One of the most persistent questions I get when I write or am interviewed about consumption taxes is how to make them progressive. In most people’s minds, this is either difficult or impossible. Consumption taxes, it is assumed, must be regressive because poorer people spend more than wealthier people on the necessities of life. The tax will hit them harder.
The belief that a consumption tax must be regressive arises from the, very understandable, notion that a federal consumption tax must be levied like a state sales tax. In other words, it would be a point-of-sale tax that would be paid at the time an item is purchased. Some politicians, Mike Huckabee being the most recent example, have advocated this form of taxation. It has its advantages, but one large disadvantage to this particular incarnation of the consumption tax is that it is indeed difficult to make progressive. But there are other ways to accomplish a consumption tax and to do so without moving towards a more regressive tax system.
Here is the most straightforward way to accomplish this. It is similar to the “Unlimited Savings Allowance” proposed by Senators Domenici (R), Kerry (D) and Nunn (D) about a decade ago. Allow all Americans to designate an account or set of accounts “Unlimited Savings Accounts.” These accounts, much like other tax-sheltered vehicles, could contain anything (stocks, bonds, CD’s etc.). But, unlike retirement accounts, there would be no restrictions on when or how much money one could put into these accounts nor restrictions on when or how much money one could withdraw. At the end of each tax year the financial service provider at which your account(s) is held would be required to inform you, and inform the government, your total net contributions or net withdraws from the account. Net contributions could be deducted from your income taxes and withdraws would be added to your income taxes. Because there are no restrictions on additions to or withdraws from these accounts everyone would put all of their savings under this tax shelter — there would be no reason to do anything else. Only money that you did not save would be taxed under the current income tax system. You can make the marginal tax rates on that income as progressive as you would like; set the top tax bracket to 50% or more if that makes sense. My point is not to suggest what that rate should be, but to point out that you can engineer a de facto consumption tax that is highly progressive, high regressive or anything in between.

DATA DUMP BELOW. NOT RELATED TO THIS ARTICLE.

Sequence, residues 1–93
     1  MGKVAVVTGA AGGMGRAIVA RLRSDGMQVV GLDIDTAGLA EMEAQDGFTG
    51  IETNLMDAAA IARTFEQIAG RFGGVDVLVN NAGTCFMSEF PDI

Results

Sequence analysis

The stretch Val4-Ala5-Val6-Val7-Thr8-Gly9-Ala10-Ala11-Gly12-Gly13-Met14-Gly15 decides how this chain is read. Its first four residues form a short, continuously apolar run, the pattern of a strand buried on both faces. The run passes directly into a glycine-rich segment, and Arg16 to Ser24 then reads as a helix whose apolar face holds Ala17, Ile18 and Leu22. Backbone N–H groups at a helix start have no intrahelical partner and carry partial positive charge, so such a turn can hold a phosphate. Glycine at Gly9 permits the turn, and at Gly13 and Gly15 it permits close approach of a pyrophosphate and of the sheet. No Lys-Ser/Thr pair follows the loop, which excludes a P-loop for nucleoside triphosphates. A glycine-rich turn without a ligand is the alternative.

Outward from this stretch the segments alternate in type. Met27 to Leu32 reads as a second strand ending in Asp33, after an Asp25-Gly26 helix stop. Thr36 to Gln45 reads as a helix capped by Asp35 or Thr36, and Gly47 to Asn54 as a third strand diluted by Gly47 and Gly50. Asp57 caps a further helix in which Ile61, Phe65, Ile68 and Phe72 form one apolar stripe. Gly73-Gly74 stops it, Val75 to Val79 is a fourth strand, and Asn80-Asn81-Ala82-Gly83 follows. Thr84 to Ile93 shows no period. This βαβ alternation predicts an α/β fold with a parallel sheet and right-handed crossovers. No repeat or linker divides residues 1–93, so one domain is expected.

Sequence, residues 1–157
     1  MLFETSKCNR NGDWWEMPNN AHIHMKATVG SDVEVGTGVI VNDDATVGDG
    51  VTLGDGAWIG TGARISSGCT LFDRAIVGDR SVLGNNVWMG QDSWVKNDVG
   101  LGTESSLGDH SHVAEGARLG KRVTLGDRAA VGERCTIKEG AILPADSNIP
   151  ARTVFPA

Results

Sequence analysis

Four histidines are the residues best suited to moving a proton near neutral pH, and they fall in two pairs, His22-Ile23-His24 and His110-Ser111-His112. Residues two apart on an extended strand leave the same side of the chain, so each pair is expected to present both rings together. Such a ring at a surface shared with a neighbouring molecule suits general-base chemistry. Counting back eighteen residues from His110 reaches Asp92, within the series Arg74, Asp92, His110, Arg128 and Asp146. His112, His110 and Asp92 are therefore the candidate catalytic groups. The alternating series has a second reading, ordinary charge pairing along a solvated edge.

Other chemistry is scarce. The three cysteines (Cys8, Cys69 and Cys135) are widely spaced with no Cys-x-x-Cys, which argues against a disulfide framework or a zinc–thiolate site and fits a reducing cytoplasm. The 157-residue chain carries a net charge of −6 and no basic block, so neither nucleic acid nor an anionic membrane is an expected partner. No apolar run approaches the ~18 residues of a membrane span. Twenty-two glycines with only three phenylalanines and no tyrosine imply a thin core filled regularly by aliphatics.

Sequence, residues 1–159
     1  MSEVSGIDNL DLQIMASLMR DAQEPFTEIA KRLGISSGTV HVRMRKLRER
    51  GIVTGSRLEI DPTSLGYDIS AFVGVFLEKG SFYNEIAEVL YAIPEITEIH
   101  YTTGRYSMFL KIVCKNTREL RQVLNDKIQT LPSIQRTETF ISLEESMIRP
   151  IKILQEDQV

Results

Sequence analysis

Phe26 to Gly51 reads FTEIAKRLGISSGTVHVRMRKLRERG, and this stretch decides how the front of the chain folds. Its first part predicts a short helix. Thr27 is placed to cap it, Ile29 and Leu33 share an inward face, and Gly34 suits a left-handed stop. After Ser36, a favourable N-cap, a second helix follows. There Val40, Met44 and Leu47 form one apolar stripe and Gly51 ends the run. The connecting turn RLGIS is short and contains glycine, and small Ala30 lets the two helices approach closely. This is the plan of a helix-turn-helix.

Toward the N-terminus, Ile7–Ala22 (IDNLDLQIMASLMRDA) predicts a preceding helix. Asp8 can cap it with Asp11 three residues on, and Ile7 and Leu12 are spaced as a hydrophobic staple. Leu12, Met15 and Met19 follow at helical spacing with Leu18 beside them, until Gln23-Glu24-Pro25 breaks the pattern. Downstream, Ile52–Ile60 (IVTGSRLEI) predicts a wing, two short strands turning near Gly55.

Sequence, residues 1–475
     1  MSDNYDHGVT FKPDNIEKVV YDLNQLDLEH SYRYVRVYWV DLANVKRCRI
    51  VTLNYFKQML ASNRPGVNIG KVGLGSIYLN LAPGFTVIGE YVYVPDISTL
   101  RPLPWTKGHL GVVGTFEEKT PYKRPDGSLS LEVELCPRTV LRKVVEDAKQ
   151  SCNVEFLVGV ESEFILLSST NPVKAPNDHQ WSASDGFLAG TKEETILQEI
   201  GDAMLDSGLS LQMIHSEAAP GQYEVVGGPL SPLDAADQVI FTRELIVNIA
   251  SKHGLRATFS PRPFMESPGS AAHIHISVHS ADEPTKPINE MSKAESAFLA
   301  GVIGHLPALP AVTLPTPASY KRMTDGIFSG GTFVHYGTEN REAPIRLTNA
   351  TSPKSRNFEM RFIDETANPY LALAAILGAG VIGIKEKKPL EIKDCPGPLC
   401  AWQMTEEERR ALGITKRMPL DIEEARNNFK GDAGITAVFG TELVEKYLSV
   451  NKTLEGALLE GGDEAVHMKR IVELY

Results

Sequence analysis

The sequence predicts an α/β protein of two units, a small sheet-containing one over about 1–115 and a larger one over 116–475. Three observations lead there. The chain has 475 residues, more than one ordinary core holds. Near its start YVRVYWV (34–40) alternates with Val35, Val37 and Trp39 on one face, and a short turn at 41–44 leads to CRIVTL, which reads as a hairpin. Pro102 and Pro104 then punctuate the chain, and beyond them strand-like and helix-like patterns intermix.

Are there any problems with this? Not huge problems, but as with any fundamental tax reform you have to think some things through carefully. The biggest issue to solve with this type of tax system is how to treat borrowing. Allowing individuals to borrow and at the same time contribute to this account would lead to some savvy, but socially counterproductive, tax strategies for individuals. But this is a problem that can be solved.
Moving to consumption taxes would encourage savings, discourage conspicuous consumption, increase economic efficiency by building a domestic base of investment capital……and could be done without increasing tax burdens on the poor.